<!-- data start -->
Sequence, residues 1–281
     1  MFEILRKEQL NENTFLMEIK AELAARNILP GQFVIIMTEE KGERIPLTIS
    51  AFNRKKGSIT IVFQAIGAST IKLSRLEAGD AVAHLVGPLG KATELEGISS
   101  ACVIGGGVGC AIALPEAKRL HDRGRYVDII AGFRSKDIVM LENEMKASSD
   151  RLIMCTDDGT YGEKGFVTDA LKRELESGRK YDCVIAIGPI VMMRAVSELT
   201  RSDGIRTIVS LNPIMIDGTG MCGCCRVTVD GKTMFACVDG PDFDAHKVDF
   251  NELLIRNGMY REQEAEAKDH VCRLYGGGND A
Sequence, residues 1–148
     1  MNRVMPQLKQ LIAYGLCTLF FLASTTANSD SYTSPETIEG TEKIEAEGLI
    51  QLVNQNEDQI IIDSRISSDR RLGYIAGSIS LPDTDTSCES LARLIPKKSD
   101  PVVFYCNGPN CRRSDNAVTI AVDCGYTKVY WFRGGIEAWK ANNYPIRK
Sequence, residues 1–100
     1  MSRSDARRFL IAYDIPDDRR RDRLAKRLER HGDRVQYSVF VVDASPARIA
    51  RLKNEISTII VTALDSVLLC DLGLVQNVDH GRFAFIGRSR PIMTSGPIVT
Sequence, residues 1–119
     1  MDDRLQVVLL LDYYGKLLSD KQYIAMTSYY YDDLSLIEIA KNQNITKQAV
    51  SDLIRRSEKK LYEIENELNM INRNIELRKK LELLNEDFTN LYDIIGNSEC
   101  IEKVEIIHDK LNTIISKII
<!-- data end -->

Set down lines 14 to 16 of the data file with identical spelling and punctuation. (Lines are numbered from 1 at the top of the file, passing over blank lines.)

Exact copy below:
    51  RLKNEISTII VTALDSVLLC DLGLVQNVDH GRFAFIGRSR PIMTSGPIVT
Sequence, residues 1–119
     1  MDDRLQVVLL LDYYGKLLSD KQYIAMTSYY YDDLSLIEIA KNQNITKQAV